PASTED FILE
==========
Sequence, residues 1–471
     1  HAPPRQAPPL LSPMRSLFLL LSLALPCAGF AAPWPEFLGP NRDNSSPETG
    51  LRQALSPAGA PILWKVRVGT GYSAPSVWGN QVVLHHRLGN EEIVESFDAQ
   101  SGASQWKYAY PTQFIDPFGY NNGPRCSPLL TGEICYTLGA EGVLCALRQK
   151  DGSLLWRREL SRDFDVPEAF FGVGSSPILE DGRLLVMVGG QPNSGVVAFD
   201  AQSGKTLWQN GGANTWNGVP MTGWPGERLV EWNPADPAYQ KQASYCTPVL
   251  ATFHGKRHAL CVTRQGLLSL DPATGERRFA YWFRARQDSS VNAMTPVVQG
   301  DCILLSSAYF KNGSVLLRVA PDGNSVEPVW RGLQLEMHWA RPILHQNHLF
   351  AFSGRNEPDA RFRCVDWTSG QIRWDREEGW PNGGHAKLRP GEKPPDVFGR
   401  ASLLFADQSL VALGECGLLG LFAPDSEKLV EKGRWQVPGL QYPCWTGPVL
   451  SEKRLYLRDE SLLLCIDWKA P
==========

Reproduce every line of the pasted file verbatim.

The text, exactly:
Sequence, residues 1–471
     1  HAPPRQAPPL LSPMRSLFLL LSLALPCAGF AAPWPEFLGP NRDNSSPETG
    51  LRQALSPAGA PILWKVRVGT GYSAPSVWGN QVVLHHRLGN EEIVESFDAQ
   101  SGASQWKYAY PTQFIDPFGY NNGPRCSPLL TGEICYTLGA EGVLCALRQK
   151  DGSLLWRREL SRDFDVPEAF FGVGSSPILE DGRLLVMVGG QPNSGVVAFD
   201  AQSGKTLWQN GGANTWNGVP MTGWPGERLV EWNPADPAYQ KQASYCTPVL
   251  ATFHGKRHAL CVTRQGLLSL DPATGERRFA YWFRARQDSS VNAMTPVVQG
   301  DCILLSSAYF KNGSVLLRVA PDGNSVEPVW RGLQLEMHWA RPILHQNHLF
   351  AFSGRNEPDA RFRCVDWTSG QIRWDREEGW PNGGHAKLRP GEKPPDVFGR
   401  ASLLFADQSL VALGECGLLG LFAPDSEKLV EKGRWQVPGL QYPCWTGPVL
   451  SEKRLYLRDE SLLLCIDWKA P